Quoted in Voltaire, The Age of Louis XIV, ch. 26 (1751).
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Governments, like clocks, go from the motion men give them, and as governments are made and moved by men, so by them they are ruined too. Wherefore governments rather depend upon men, than men upon governments. Let men be good, and the government cannot be bad; if it be ill, they will cure it. But if men be bad, let the government be never so good, they will endeavour to warp and spoil it to their turn.

William Penn (1644-1718) English real estate entrepreneur, philosopher, statesman
First Frame of Government for Pennsylvania, Preface (1682)
    (Source)
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Now the thing about having a baby — and I can’t be the first person to have noticed this — is that thereafter you have it.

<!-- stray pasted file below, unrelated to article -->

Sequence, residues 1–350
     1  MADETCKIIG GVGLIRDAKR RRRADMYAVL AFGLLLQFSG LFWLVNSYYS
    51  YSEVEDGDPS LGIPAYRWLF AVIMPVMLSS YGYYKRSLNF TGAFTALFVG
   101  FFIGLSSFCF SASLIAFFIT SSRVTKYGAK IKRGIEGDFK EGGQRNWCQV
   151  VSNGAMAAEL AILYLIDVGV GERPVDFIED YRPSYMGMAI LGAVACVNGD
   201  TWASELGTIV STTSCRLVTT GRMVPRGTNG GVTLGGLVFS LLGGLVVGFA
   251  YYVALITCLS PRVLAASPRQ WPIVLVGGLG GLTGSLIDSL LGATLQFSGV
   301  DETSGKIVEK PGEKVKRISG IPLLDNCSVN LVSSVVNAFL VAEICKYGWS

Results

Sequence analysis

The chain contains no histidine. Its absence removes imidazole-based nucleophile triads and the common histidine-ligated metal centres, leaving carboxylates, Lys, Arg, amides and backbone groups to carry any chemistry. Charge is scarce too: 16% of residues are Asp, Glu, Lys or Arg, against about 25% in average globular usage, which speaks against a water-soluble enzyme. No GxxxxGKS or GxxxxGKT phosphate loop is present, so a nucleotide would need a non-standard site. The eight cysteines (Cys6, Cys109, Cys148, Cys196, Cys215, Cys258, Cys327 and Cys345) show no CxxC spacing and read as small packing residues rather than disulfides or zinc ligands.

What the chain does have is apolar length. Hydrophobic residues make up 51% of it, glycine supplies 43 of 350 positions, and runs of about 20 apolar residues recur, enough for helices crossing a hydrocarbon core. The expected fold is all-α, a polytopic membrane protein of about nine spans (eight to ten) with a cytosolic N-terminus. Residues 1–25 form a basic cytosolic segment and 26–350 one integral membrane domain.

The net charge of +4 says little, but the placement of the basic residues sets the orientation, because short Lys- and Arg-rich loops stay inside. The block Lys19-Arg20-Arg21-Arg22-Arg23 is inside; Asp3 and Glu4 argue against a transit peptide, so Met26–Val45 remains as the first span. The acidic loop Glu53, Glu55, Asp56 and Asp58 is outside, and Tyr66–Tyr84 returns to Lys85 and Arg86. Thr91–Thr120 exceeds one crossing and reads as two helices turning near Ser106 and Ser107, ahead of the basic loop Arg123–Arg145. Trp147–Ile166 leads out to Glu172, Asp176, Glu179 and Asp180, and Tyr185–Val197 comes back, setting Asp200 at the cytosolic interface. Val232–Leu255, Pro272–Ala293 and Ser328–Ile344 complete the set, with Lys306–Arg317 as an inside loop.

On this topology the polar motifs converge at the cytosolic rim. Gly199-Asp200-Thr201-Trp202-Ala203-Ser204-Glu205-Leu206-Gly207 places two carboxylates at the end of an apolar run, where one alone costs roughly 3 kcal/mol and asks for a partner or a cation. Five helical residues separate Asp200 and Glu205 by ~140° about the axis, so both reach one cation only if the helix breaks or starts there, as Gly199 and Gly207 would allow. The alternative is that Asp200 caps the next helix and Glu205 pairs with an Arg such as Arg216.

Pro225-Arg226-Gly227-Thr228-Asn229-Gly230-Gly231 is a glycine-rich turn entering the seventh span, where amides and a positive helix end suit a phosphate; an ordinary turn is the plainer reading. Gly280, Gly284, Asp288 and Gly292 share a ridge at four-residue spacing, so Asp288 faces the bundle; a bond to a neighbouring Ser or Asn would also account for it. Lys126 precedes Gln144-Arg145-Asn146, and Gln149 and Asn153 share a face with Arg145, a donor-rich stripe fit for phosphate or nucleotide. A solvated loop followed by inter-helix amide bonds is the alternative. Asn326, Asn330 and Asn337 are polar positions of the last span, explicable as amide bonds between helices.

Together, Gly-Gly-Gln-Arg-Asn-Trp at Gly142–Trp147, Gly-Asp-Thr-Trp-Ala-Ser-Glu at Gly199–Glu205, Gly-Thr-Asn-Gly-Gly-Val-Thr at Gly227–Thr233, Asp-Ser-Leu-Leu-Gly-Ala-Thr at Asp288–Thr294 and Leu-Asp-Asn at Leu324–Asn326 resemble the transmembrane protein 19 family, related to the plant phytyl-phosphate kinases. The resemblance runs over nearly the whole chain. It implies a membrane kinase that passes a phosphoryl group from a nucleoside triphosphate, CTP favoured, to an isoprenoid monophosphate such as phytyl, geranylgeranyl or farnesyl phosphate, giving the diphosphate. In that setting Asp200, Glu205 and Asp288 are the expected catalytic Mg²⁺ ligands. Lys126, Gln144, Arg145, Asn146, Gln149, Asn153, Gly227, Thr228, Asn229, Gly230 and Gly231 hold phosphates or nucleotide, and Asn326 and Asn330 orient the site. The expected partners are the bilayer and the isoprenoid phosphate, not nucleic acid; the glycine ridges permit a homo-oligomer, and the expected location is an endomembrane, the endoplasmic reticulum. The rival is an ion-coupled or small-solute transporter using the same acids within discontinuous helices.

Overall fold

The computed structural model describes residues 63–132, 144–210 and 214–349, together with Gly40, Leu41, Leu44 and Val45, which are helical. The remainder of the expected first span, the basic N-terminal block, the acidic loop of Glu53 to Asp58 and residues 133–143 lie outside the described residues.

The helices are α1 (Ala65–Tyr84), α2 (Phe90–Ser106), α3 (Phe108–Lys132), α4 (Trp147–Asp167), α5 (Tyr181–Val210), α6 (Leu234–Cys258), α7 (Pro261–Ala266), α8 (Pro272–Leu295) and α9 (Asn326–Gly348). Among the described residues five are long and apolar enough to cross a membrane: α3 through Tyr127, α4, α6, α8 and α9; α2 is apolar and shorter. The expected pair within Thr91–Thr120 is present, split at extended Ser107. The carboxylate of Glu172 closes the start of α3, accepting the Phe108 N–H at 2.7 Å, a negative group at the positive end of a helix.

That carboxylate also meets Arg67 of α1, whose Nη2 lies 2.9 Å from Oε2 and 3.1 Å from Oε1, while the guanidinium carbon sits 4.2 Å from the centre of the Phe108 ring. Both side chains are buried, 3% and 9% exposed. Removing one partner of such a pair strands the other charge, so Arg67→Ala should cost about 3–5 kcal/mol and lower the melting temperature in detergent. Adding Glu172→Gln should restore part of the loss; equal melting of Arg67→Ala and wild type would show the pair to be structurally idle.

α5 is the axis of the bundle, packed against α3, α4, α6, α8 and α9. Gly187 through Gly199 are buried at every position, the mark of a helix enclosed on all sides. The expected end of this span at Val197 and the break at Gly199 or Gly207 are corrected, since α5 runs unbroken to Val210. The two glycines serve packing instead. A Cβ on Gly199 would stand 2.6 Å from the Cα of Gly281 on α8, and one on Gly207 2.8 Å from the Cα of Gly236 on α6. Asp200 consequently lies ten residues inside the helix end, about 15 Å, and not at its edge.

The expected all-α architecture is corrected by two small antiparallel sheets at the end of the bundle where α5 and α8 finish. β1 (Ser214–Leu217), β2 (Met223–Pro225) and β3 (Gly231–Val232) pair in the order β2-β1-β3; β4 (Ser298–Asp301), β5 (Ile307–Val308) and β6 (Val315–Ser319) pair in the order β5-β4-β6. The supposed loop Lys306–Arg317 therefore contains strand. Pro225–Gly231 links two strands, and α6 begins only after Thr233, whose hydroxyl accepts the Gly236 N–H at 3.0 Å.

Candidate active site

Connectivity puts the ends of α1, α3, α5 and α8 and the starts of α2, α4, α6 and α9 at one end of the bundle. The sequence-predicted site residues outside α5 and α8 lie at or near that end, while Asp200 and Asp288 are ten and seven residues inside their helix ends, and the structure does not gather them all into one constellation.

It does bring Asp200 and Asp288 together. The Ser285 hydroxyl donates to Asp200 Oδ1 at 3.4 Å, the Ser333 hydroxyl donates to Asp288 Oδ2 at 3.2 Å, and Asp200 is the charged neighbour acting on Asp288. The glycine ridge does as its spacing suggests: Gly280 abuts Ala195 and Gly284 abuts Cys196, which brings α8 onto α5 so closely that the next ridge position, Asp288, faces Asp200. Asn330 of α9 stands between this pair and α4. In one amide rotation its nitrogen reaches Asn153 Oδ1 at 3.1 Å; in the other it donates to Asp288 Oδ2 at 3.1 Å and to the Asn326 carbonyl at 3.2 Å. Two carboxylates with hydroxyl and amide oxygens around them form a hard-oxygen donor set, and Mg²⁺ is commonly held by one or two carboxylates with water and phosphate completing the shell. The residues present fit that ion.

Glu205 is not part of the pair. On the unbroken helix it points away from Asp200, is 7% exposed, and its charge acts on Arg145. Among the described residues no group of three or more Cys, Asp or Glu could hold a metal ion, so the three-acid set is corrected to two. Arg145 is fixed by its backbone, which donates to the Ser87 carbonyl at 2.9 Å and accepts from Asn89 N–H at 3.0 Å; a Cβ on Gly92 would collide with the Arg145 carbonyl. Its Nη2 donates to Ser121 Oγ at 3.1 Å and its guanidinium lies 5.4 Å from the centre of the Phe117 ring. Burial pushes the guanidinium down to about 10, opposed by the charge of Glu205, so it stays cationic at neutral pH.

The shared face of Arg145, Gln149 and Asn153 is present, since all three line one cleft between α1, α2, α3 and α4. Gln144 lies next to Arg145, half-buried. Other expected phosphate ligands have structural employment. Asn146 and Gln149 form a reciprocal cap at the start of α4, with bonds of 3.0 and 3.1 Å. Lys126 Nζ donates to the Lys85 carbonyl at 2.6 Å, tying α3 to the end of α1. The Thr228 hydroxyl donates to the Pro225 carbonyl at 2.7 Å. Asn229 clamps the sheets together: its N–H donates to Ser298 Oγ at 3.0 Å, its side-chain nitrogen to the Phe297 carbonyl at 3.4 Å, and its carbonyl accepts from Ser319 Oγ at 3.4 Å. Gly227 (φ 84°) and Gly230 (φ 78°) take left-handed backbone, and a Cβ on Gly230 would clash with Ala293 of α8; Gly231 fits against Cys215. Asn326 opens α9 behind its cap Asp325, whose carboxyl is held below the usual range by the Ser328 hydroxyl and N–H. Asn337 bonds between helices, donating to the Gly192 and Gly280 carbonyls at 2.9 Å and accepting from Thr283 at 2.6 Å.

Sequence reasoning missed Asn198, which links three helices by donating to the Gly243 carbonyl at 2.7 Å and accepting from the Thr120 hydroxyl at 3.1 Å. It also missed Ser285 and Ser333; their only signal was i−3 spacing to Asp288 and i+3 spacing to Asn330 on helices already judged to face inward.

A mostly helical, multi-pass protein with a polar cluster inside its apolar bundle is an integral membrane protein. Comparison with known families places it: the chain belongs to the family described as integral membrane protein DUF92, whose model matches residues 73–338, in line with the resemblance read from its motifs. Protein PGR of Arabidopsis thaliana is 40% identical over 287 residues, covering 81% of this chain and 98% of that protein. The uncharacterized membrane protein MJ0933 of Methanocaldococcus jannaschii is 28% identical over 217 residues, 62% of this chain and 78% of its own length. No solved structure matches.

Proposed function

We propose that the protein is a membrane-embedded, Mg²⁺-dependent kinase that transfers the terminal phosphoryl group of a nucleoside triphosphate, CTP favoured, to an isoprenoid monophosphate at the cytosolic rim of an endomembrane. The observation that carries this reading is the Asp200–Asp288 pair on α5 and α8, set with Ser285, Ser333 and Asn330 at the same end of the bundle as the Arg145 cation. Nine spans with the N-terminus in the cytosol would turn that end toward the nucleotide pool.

Jean Kerr (1922-2003) American author and playwright [b. Bridget Jean Collins]
Please Don’t Eat the Daisies (1957)
    (Source)
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A mixture of gullibility and cynicism had been an outstanding characteristic of mob mentality before it became an everyday phenomenon of masses. In an ever-changing, incomprehensible, world the masses had reached the point where they would, at the same time, believe everything and nothing, think that everything is possible and that nothing was true. The mixture in itself was remarkable enough, because it spelled the end of the illusion that gullibility was a weakness of unsuspecting primitive souls and cynicism the vice of superior and refined minds.

Hannah Arendt (1906-1975) German-American philosopher, political theorist
The Origins of Totalitarianism, Part 3, ch. 2 “The Totalitarian Movement” (1951)
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Natural inclinations are present in things from God, who moves all things. So it is impossible for the natural inclinations of a species to be toward evil in itself. But there is in all perfect animals a natural inclination toward carnal union. Therefore it is impossible for carnal union to be evil in itself.

Thomas Aquinas (1225-1274) Italian friar, philosopher, theologian
Summa Contra Gentiles, Book 3, ch. 126, argument 3 [tr. Dominican (1923)]
    (Source)